The check for $4,870 took Patty Remmell by surprise. Remmell, 66, expected to receive $1,217.50 as a 50% deposit on a writing project she was completing for a new contact who had reached out to her on LinkedIn. Then the contact sent an email explaining that his organization wanted her to complete a second project and had processed payment for both together. Satisfied, Remmell deposited the check and finished work on the first project. A few days later, her contact emailed to say the company had changed direction, and he asked her to refund the overpayment. “I freaked out,” she recalls. “I don’t like monetary messes. It makes me nervous.”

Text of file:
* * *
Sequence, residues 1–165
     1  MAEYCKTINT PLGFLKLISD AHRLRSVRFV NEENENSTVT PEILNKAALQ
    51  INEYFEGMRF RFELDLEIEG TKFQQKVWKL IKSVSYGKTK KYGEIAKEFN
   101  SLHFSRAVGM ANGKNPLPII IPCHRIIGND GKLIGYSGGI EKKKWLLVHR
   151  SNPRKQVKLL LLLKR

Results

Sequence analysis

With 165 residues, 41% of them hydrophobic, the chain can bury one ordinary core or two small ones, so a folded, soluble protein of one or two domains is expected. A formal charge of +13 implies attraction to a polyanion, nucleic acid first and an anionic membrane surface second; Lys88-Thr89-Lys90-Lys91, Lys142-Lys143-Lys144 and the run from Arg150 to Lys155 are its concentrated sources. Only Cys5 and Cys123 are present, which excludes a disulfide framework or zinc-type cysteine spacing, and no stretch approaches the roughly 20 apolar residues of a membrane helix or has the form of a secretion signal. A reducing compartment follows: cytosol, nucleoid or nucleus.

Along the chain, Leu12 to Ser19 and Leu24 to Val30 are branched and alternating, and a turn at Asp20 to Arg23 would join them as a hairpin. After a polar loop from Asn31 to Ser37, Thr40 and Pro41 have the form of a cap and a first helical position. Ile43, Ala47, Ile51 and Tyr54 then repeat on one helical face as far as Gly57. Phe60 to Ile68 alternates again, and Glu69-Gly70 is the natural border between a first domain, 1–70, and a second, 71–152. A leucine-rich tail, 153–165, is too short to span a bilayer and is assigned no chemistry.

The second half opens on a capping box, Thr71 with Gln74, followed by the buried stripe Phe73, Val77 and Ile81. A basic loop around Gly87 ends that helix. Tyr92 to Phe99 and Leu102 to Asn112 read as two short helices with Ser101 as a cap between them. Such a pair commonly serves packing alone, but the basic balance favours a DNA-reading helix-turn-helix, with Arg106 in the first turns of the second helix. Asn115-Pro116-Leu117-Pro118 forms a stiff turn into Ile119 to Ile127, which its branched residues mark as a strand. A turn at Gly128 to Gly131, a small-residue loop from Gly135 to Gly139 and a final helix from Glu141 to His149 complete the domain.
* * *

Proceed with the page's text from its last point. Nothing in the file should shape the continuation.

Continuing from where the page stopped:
Her bank account showed that the funds from the deposited check were available to withdraw, so she sent the organization $2,435 for the canceled project via CashApp at her contact’s request. Then he asked her for another $1,217.50, half the payment for the first project. When he kept nagging for the payment, without acknowledging that she had submitted the project or sending feedback on her work, she grew suspicious and asked a group of colleagues for a gut check. “It’s a scam,” one responded.

Sure enough, the check bounced a few days later. “I’m now overdrawn in my savings account by over $3,000 that I can’t cover,” she says. “I feel like an idiot.”

Remmell isn’t alone. The FBI estimates that seniors lose more than $3 billion each year to scammers. In 2020, the Better Business Bureau saw a 25% increase in scams reported by consumers because…

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